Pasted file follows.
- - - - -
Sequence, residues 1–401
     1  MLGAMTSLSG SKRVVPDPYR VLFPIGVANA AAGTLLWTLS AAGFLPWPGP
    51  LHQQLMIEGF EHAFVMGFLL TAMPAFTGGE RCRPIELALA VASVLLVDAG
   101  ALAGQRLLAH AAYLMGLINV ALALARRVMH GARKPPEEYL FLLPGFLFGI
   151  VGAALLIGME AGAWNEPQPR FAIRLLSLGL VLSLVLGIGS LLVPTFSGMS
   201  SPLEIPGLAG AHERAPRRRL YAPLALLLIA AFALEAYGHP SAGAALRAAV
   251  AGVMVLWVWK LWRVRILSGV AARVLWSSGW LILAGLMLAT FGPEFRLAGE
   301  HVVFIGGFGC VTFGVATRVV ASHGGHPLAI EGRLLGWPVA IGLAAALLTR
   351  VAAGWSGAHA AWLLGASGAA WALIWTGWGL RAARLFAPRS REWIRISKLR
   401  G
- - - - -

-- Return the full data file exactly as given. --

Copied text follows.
Sequence, residues 1–401
     1  MLGAMTSLSG SKRVVPDPYR VLFPIGVANA AAGTLLWTLS AAGFLPWPGP
    51  LHQQLMIEGF EHAFVMGFLL TAMPAFTGGE RCRPIELALA VASVLLVDAG
   101  ALAGQRLLAH AAYLMGLINV ALALARRVMH GARKPPEEYL FLLPGFLFGI
   151  VGAALLIGME AGAWNEPQPR FAIRLLSLGL VLSLVLGIGS LLVPTFSGMS
   201  SPLEIPGLAG AHERAPRRRL YAPLALLLIA AFALEAYGHP SAGAALRAAV
   251  AGVMVLWVWK LWRVRILSGV AARVLWSSGW LILAGLMLAT FGPEFRLAGE
   301  HVVFIGGFGC VTFGVATRVV ASHGGHPLAI EGRLLGWPVA IGLAAALLTR
   351  VAAGWSGAHA AWLLGASGAA WALIWTGWGL RAARLFAPRS REWIRISKLR
   401  G